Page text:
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P&E Wing, CEA to Promote Quality Sound Among Consumers

The Recording Academy Producers & Engineers Wing, in partnership with the Consumer Electronics Association (CEA), is developing a Website that promotes enhanced consumer awareness of higher-quality sound for music. The Website, which is scheduled to go live in Q4 2012, will be called Quality Sound Matters, offering music consumers information about how they can enhance their enjoyment of their music by seeking out today’s higher-quality digital file formats and using listening and storage products that help retain the sound of the music as the artists and engineers intended.

The Website will help mark a turning point in the evolution of digital music technology from a time when convenience and ubiquity were primary factors in consumers’ music technology choices, to a new era in which the pursuit of sonic quality becomes equally important.

CEA research shows that 34-percent of consumers consider themselves audio enthusiasts, and that 9 in 10 consumers say sound quality is the most important component of a quality audio experience. More than 70-percent of self-described audio enthusiasts report a willingness to pay extra for high quality audio electronics, and more than 60-percent are willing to pay for high quality content. As a Billboard magazine article from June 2011 states, we are “Back From the Audio Abyss” and there are compelling arguments that consumers are turning their attention to quality audio.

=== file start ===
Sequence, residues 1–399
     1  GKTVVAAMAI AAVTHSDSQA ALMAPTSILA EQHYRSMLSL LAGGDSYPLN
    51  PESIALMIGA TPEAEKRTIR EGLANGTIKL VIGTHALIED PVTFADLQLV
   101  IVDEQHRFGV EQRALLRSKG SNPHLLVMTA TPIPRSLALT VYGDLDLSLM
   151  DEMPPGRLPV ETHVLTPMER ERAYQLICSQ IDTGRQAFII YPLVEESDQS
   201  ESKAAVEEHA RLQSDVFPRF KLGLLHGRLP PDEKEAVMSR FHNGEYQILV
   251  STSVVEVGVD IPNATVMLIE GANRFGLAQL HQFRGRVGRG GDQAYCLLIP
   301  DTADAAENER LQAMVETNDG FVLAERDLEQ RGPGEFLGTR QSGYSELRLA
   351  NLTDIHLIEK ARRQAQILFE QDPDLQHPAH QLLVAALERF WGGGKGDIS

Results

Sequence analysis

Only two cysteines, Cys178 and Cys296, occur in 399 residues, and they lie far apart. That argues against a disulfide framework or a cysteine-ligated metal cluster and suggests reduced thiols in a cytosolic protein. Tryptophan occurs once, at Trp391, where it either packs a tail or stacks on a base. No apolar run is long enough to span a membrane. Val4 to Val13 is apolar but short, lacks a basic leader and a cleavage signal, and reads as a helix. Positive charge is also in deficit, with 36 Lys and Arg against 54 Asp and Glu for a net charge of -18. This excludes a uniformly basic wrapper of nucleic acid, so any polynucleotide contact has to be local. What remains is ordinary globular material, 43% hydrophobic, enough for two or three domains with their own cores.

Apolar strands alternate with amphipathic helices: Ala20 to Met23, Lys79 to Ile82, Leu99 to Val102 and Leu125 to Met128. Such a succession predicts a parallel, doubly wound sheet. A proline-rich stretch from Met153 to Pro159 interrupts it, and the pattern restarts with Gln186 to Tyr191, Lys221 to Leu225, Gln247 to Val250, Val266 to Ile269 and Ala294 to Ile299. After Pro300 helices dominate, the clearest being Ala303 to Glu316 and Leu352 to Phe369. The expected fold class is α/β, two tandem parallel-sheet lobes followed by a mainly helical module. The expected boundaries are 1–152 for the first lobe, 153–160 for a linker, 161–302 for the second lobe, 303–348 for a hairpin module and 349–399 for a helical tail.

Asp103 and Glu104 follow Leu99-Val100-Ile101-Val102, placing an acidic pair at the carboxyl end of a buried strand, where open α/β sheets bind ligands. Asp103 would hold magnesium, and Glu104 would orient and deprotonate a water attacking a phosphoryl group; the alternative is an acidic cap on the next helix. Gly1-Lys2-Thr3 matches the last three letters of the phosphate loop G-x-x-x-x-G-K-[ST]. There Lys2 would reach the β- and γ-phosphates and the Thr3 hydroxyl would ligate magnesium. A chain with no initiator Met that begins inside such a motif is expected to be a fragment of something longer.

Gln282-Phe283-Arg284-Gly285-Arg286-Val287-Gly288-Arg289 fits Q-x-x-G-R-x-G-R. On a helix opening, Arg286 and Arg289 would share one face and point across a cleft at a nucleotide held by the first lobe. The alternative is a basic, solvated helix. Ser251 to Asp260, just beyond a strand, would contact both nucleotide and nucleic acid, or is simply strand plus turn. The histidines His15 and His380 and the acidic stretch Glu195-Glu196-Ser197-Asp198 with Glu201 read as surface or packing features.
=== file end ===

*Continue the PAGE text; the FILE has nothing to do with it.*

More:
“We’re now entering a time when consumers want to focus on the sonic quality of music, not just its convenience,” states Maureen Droney, Senior Executive Director of the P&E Wing. “As music moved further into the domain of computers, handheld/mobile devices and software, manufacturers of consumer electronics products worked to create new systems that consumers would find valuable in their everyday lives, sometimes at the expense of fidelity. But with increased bandwidth and more readily available hard drive space, it is now possible to merge these conveniences with the world of high-resolution files. Producers, engineers and mixers have always made the most of digital audio’s benefits, like improved signal-to-noise ratio and dynamic range, to make recordings that reflected what recording artists heard in the studio. Now those benefits are becoming available to consumers as well.”

Droney also noted developments such as the growing popularity of premium headphones over the poor quality earbuds of the past and the embrace of multichannel music through a new generation of audiophile labels and Websites. “It’s clear that we’ve turned a corner in how consumers want to experience their music,” says Droney. “Now, that experience is going to include a far greater emphasis on sonic quality along with artistic quality. And we’re happy to be able to join with the CEA in helping consumers find their way into this new expanding universe of music quality.

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